How Christmas cookies could be shrinking your brain

It looks like we can blame high blood sugar for something else–diminished cognition and brain health. And this risk isn’t limited to people with diabetes, either.

As a recent study shows, even non-diabetics face memory loss from increased glucose markers.

This research featured 141 healthy subjects without diabetes or impaired glucose metabolism. Researchers tested HbA1c levels, which measure long-term blood sugar control, as well as fasting glucose and insulin levels. (These are all tests that I perform on every patient that walks through my door.)

The research also included a battery of cognitive tests, including structural brain analysis. Researchers assessed the volume and microstructure of each subject’s hippocampus–the part of your brain responsible for forming and storing memories.

Results showed some concerning correlations in a number of key areas. For one thing, higher blood sugar measurements in both the short and long term were linked to lower performance on three different memory tasks. (Specifically, delayed recall, learning ability, and consolidation.)

Lower levels of HbA1c, on the other hand, were linked to larger hippocampal volume–suggesting that even slightly elevated blood sugar leads to brain changes. (And ultimately, memory loss.)

These researchers think that high blood sugar could damage brain cell membranes, or possibly affect levels of neurotransmitters critical to memory formation, storage, and retrieval.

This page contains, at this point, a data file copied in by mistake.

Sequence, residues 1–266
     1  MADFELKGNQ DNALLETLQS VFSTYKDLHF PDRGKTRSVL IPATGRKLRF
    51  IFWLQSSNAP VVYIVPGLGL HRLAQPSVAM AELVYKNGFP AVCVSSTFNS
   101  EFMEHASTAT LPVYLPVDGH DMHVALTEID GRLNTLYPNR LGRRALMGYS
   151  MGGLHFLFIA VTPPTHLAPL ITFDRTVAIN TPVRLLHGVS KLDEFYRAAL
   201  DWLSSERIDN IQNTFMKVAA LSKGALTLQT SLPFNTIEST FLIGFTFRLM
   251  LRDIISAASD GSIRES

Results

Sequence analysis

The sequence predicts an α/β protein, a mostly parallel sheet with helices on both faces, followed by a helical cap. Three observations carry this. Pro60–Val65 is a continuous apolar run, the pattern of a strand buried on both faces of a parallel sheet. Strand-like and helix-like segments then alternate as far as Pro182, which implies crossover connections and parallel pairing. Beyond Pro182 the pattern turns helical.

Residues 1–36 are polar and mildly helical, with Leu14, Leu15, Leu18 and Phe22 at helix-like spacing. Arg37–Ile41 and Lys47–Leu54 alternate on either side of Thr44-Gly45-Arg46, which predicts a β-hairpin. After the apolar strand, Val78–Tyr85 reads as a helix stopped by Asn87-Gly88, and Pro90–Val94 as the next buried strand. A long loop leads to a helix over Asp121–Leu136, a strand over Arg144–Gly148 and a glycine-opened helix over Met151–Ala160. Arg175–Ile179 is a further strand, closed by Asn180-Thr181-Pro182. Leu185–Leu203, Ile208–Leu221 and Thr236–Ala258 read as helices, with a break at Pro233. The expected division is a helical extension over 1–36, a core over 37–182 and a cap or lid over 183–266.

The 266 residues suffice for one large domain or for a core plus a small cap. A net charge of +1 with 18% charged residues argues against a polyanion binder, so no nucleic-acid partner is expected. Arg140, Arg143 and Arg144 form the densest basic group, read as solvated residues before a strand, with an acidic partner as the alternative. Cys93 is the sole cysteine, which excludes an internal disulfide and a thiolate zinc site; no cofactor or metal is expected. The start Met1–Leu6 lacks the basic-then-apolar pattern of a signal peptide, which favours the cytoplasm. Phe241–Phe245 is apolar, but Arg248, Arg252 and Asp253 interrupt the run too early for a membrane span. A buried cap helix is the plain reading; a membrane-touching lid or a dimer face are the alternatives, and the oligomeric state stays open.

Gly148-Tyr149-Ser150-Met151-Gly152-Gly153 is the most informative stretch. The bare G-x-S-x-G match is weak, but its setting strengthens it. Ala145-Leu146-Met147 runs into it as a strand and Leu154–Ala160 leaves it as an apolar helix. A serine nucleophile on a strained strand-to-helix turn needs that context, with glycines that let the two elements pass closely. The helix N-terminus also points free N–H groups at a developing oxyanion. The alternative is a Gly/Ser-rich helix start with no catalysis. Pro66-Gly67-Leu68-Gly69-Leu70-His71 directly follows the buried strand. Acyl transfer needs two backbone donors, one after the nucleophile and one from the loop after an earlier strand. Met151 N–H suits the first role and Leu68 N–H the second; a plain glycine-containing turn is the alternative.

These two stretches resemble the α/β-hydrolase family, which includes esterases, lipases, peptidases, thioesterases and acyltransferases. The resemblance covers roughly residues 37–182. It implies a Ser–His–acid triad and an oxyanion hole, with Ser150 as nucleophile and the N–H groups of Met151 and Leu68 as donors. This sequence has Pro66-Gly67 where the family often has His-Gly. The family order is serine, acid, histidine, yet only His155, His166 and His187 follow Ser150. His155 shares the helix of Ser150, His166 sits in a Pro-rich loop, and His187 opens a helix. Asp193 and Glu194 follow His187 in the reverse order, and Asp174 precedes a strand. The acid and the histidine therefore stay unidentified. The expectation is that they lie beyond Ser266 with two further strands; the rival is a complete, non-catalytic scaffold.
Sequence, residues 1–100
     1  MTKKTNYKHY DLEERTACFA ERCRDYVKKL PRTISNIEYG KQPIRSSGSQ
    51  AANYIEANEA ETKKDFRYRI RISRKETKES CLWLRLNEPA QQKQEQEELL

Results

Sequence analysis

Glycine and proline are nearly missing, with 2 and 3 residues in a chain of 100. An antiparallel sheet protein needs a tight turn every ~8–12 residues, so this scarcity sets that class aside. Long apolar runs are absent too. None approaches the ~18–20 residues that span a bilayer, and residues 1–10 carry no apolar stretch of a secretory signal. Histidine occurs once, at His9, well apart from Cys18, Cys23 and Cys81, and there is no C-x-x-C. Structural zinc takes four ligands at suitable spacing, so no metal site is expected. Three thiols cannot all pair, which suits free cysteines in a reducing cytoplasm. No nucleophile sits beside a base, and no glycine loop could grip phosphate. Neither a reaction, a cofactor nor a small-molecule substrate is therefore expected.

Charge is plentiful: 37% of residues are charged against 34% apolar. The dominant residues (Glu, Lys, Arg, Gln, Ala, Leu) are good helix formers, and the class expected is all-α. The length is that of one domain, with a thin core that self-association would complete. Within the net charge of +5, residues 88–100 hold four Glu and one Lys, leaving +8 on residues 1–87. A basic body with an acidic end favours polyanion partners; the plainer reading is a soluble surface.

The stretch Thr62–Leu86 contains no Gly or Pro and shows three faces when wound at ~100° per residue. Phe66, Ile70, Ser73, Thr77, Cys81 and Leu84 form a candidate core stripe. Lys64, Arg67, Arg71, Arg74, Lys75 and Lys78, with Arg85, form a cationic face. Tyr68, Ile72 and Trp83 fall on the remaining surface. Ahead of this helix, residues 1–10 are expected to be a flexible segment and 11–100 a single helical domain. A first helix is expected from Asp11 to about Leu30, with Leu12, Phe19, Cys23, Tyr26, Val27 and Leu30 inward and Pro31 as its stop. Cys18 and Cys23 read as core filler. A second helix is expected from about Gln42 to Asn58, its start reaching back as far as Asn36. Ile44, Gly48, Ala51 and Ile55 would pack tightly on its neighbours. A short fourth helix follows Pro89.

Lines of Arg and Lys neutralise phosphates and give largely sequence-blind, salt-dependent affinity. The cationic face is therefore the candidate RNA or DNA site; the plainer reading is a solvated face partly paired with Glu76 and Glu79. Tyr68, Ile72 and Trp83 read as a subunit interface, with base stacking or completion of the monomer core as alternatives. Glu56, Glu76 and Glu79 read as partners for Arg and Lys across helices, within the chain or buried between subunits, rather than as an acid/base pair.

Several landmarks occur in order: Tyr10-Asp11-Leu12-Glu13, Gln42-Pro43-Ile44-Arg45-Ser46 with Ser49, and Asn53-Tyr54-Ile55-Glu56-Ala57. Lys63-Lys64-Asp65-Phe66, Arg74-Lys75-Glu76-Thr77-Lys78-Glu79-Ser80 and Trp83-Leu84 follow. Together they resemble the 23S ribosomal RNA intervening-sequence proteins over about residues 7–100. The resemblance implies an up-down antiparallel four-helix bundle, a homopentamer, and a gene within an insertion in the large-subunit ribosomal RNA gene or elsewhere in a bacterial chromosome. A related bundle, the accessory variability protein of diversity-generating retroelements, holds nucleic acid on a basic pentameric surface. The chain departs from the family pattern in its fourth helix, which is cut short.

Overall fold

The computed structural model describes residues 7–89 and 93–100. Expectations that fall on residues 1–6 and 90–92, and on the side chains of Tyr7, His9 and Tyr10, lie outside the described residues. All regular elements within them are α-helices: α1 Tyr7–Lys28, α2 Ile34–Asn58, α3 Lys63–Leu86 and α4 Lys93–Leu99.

But it could also lead to blood vessel damage in the brain. This would negatively impact crucial blood and nutrient flow–thereby damaging your brain’s memory centers.

I have to say, this study opens up a pretty big can of worms. Because until now, the traditional medical community only really viewed HbA1c and blood glucose levels in the context of diabetes and diabetes risk management.

I can only hope that, soon, mainstream experts will start thinking more like me–and start looking at elevated blood sugar as the harbinger of bad things to come that it actually is. Particularly since these startling results mirror the ones from a study I shared with you back in September. (Poisoned minds, 9/9/13.)

This study showed that even subjects without diabetes faced an 18 percent higher risk of dementia. All it took was glucose levels that averaged a mere five points higher over a five-year period (115 mg/dL versus 100 mg/dL).

So I think it’s fair to say that these latest findings aren’t a fluke. I just hope people are paying attention.

Everyone knows that prevention is the best medicine. It’s certainly more effective than trying to reverse disease–especially in a rapidly aging population like ours. And I think it’s safe to say that memory is one faculty we’d all like to keep.

Fortunately, the secret is simple. Just do what I do: Exercise regularly and follow a diet high in lean protein and vegetables. And ditch the heavily refined foods.

The proof is in the pudding, so to speak. My fasting blood sugar runs around 70 and my HbA1c was 4.8 last month.

I firmly belief that all patients should have their fasting glucose and HbA1c levels measured as part of a regular medical check-up. This should start at age 35, unless you’re obese or have a personal or family history of diabetes. In either case, you should receive these tests on your first visit to a doctor, regardless of your age.

I always like to see an HbA1c under 5–anything over 5.5 sends up a big red flag. So if you don’t know your numbers, it’s time to find out. Because it really is that important. Especially this time of year, when cookies and candy are practically de rigueur.

If you want your holiday memories to last, start making them sugar-free. It’s as simple as that.

“Higher glucose levels associated with lower memory and reduced hippocampal microstructure.” Neurology. 2013 Nov 12;81(20):1746-52.